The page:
technophobia

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technophobia

(tĕk′nə-fō′bē-ə)
n.
Fear of or aversion to technology, especially computers and high technology.

tech′no·phobe′ n.
tech′no·pho′bic (-fō′bĭk) adj.
References in periodicals archive ?
In a similar manner, Electric Dreams and You've Got Mail address the complexities of love, romance, and the need for pastoral pleasure, but they establish their settings in the computer age and thus also engage with the technophilia associated with science fiction.
However, it is also deeply imbued with the country's love affair with technology, to the point where the technophilia encourages serious strategic misassessment.
Technophilia and nature religion: the growth of a paradox.
We see backbreaking, primitive manual labour in dangerous, miserable conditions, stark refutation to the Panglossian technophilia of contemporary bourgeois ideology.
He has unbridled contempt for a great many contemporary things: psychoanalysis and the "delirious egotism" which it breeds in its patients (102); hyperbolic consumption and brand-goods fetishism; an unreflective technophilia, especially vis-a-vis the IT industry; the proliferation of the "systems/company man" syndrome; euthanasia; feminism; and on and on.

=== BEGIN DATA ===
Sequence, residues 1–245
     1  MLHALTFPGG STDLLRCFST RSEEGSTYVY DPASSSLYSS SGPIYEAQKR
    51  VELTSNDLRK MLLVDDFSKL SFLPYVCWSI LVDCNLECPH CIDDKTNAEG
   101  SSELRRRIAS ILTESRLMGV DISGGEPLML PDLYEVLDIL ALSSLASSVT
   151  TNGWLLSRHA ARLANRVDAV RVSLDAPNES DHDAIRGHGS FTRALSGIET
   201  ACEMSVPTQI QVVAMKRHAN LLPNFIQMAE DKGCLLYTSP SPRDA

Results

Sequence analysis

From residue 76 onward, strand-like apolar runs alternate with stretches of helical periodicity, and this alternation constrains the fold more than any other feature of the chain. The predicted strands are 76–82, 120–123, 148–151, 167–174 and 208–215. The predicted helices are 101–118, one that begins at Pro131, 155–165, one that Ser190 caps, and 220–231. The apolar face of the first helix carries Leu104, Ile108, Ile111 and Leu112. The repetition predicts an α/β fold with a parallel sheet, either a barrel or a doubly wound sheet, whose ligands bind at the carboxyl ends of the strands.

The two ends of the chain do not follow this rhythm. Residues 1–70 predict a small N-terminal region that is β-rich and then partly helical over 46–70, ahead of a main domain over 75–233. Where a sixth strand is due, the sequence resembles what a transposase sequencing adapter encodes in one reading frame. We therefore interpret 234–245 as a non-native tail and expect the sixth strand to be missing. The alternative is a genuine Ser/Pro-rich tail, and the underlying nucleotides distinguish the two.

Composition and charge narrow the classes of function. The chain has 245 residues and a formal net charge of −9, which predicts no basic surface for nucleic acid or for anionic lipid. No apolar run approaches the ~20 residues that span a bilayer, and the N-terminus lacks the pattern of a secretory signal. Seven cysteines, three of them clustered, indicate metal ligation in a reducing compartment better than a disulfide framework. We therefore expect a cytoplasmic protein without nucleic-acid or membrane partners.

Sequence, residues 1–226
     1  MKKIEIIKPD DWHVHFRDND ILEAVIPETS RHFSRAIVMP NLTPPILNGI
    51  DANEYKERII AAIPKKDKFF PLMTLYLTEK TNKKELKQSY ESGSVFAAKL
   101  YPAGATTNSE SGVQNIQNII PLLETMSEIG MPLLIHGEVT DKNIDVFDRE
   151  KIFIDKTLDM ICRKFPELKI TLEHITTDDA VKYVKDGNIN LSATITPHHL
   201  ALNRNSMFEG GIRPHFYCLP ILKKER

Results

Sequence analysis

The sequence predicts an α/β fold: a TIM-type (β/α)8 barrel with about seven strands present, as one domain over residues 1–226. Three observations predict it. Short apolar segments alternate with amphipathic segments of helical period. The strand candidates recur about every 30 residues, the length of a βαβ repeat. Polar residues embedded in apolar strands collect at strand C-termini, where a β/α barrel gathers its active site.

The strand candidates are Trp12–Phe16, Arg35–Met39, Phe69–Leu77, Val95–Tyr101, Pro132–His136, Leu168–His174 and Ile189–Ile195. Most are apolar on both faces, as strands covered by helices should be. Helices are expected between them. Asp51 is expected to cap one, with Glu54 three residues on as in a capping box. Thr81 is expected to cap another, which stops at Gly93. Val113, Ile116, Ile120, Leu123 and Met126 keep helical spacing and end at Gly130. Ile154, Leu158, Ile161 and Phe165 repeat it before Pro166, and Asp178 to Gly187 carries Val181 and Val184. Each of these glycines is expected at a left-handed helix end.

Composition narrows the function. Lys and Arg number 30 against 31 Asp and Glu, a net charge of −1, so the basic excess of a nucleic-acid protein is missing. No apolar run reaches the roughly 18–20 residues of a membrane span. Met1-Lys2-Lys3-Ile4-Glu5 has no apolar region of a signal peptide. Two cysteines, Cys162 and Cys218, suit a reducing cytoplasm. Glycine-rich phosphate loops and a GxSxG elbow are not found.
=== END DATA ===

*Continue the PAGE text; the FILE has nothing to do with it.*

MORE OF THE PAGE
From Technophobia to Technophilia Conference takes place May 19-22, 2005.
This is a key question for architects engaged in hospital design in the UK, where a combination of technophilia and response to short-term clinical fashion has for decades resulted in too many hospitals resembling rambling horizontal oilrigs rather than places of peace and healing.
JARI NIEMI, "Theories of Technology: Between Technophobia and Technophilia.
Led by events and placed in front of an undertaking that is defined "transhumain," "inhumain," he moves from technophilia to technophobia.
Ellen Ullman, a former software engineer, is the author of Close to the Machine: Technophilia and Its Discontents.
This middle-of-the-road approach is needed to avoid the extremities of technophilia and technophobia.
Some cultural commentators, noting the technophilia of young people and the technophobia of those a generation or two removed, have proposed that the current generation of young people knows more than their parents and grandparents and, in an astonishing turnaround from centuries of family relationships, have little use for their elders.